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The top 10 travel industry stories of 2019

  • Buzz
  •   12-20-2019  12:00 pm

The top 10 travel industry stories of 2019

There's plenty of change in the Canadian travel industry each year - and 2019 was no different!

Of the hundreds of stories that PAX published this year to bring our readers the Canadian travel industry's best coverage, there were several that caught readers' eyes, in some cases generating multiple headlines as we followed developments throughout the year.

In no particular order, here are the top 10 stories of 2019:

1) Boeing 737 MAX 8 banned from Canada’s skies

Following two fatal crashes just five months apart, Transport Canada ordered the grounding of the Boeing 737 MAX 8 series back in March. Despite Boeing’s numerous attempts to rectify a software glitch that was ultimately deemed responsible for the downing of both Ethiopian Airlines and Lion Air flights, the company failed to get its fleet to pass inspection requirements by the Federal Aviation Administration (FAA) that would allow its return to the skies.

As a result, major Canadian carriers including Air Canada, who relied on the MAX 8 for six per cent of its routes, Sunwing, and WestJet, who had 13 MAX 8’s in its fleet, were forced to devise strategies via rerouting, cancelling, or adjusting flying schedules in order to re-accommodate valued customers.

In a recent statement, the aircraft manufacturer said that it will suspend further production of the planes and instead focus on delivery of the approximately 400 aircraft in storage, citing the unresolved status of the ongoing review of the planes by the Federal Aviation Administration (FAA) and global regulatory authorities, who are still determining when the MAX 8 will return to service.

The suspension of the MAX 8 means Canada's top carriers will have to continue to reinvent themselves and strategize accordingly to kick off 2020 on a strong note.

—Christine Hogg

2) Watch out: new rules mean passengers actually have rights

Besides missing your flight because you overslept, what could possibly be worse?

How about getting bumped off the flight because the airline overbooked, and being forced to find your own way? Or arriving to your destination, only to find out that your checked luggage never made it? Or worse yet, how does sitting on a sweltering tarmac in the middle of summer with about 200 other highly-agitated strangers sound, without access to enough food or water?

After the latter actually did happen, in December 2018, The Canadian Transportation Agency put forth a set of Air Passenger Protection Rights intended to better protect travellers in case of airline misconduct. The set of rules were developed in two installments—the first set of rules debuted in July, and the second set came into effect just last week.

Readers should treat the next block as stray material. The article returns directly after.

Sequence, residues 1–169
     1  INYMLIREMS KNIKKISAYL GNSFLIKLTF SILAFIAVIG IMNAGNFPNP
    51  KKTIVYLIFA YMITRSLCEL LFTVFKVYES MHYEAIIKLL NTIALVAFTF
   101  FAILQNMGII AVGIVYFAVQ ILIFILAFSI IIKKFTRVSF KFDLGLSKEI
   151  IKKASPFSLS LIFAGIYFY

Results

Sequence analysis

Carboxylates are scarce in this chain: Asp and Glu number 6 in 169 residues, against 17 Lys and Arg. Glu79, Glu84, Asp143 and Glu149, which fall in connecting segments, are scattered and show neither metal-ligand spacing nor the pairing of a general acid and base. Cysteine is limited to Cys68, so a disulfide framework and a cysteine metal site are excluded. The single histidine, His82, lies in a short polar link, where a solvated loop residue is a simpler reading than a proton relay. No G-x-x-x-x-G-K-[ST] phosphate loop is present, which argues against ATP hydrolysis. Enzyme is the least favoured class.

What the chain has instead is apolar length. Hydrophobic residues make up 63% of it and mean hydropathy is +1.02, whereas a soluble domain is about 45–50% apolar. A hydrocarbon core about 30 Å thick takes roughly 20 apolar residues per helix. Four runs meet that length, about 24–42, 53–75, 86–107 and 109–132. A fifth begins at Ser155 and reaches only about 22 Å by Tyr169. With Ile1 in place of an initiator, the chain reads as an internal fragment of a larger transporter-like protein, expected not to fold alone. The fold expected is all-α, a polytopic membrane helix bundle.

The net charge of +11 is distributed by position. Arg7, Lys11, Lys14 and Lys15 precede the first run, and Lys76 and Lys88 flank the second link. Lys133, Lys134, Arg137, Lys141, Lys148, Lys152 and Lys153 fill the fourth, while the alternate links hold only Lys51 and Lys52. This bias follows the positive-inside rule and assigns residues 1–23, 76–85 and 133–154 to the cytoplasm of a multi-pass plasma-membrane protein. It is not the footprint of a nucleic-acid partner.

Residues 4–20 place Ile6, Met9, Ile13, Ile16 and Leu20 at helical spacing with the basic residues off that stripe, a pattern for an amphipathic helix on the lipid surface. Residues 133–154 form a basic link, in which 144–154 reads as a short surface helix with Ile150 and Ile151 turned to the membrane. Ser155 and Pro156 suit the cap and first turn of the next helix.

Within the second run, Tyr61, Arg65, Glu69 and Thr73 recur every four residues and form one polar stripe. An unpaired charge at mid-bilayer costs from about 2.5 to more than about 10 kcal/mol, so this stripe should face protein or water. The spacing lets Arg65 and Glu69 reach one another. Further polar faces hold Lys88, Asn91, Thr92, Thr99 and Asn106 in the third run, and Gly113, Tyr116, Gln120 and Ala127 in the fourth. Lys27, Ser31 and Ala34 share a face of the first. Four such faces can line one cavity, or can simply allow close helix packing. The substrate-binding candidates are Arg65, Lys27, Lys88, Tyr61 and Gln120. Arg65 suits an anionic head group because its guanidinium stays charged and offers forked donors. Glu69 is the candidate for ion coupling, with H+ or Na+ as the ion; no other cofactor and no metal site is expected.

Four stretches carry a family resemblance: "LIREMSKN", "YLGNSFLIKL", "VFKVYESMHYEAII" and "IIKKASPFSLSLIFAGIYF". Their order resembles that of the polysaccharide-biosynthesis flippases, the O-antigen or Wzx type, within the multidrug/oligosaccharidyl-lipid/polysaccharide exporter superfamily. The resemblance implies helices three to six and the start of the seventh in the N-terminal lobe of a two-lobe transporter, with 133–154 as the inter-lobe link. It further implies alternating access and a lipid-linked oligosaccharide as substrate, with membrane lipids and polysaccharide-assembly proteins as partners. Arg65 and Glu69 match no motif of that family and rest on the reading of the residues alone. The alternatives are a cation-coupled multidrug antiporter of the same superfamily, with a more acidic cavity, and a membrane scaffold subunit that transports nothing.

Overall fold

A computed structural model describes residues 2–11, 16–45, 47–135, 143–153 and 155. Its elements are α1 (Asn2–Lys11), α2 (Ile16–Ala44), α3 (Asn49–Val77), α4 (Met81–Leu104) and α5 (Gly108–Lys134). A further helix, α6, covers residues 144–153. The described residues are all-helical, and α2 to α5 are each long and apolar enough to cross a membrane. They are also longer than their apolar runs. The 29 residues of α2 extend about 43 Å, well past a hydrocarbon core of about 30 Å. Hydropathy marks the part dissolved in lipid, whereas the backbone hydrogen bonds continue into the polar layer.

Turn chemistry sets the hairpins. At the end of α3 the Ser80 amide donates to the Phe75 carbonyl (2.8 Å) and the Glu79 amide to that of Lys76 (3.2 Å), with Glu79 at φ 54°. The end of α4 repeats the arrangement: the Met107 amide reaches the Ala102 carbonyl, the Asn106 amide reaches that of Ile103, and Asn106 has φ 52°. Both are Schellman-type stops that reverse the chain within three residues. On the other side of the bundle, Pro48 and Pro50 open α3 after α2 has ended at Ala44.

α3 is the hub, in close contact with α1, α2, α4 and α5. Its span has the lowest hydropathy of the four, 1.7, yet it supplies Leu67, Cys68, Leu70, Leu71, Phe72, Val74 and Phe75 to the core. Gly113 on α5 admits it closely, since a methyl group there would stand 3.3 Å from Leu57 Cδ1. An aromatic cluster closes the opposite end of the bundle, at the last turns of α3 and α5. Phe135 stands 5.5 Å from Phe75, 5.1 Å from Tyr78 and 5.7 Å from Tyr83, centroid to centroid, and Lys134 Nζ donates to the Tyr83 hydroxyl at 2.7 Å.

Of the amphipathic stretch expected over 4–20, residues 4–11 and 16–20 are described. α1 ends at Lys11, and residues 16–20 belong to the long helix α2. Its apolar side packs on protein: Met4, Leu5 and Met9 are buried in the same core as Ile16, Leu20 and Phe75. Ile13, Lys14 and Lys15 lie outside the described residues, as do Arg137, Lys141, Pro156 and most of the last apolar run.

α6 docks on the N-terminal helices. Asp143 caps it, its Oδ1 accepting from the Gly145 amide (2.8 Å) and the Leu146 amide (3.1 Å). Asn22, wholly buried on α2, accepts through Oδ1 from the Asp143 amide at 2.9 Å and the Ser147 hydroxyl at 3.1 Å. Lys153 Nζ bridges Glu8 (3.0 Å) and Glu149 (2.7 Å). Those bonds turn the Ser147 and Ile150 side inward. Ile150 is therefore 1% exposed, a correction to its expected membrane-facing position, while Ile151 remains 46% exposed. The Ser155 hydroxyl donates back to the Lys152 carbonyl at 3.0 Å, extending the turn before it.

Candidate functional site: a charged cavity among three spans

As a result, airlines must make clear any and all rules and rights for their passengers, or face hefty fines—air passengers who are bumped from overbooked flights or who are forced to sit for long periods of time during delays could receive up to $2,400 under the proposed regulations.

—Christine Hogg

3) Calgary welcomes WestJet's Dreamliner

The Boeing 787 Dreamliner is part of the next generation of planes: smarter (able to detect turbulence and reduce the effects of motion sickness by eight times, according to Boeing), more eco-friendly (25 per cent less fuel per passenger than a device of similar size according to the manufacturer), quieter inside the cabin, and offering better air quality.

WestJet's official Dreamliner launch took off out of Calgary on Jan. 18, 2019.

Its first-ever route, in service since Feb. 20, flies between Toronto and Calgary. The latter, where the carrier's head office is located, is the main departure point for its Dreamliner fleet, with several flights to destinations around the world: London (Gatwick) in England; Dublin, Ireland; and Paris, France. More recently, the carrier’s Dreamliner went west with a new route to Maui, Hawaii. During peak season, the airline will operate 22 weekly flights between Western Canada and Maui and up to 28 weekly flights between Vancouver and HonoluluLihue and Kona.

Toronto will also see service aboard the Dreamliner, heading to London (Gatwick). In 2020, it’s Vancouver’s turn to welcome the aircraft with a new route to London Gatwick starting April 26. A new route will also be added from Calgary aboard the Dreamliner to Rome, Italy, with a weekly service launching May 2.

⁠—Antoine Stab

4) TravelBrands & H.I.S. shake hands

Acquisitions were a running theme this year – and it wasn’t just the airlines.

Continuing a recent string of purchases in the Canadian travel industry, Japan-based travel company HIS Corporation announced in January that it would be purchasing Red Label Vacations, the parent company of TravelBrands,, itravel2000 (itself recently acquired by Red Label) and The Travel Experts (formerly Sears Travel). Before Red Label, in 2017, Transat sold its Jonview Canada division to H.I.S. in a $44 million deal, while the year before, HIS also entered into an investment agreement with Merit Travel Group.

The HIS acquisition marks the latest purchase for the brands under the Red Label umbrella: in 2013, Thomas Cook Canada was purchased by the DeMarinis brothers and renamed TravelBrands, encompassing brands such as Sunquest and Encore Cruises.

While HIS’ strategy in Canada is still unfolding, expect to see more synergy between these brands moving forward – along with any other companies that HIS may add to their portfolio in 2020 and beyond.

Blake Wolfe

5) ACTA & Virtuoso explain "that" partnership

It was a springtime head-scratcher: last April, Virtuoso issued a press release announcing it had become the “exclusive” consortium partner with the Association of Canadian Travel Agencies (ACTA)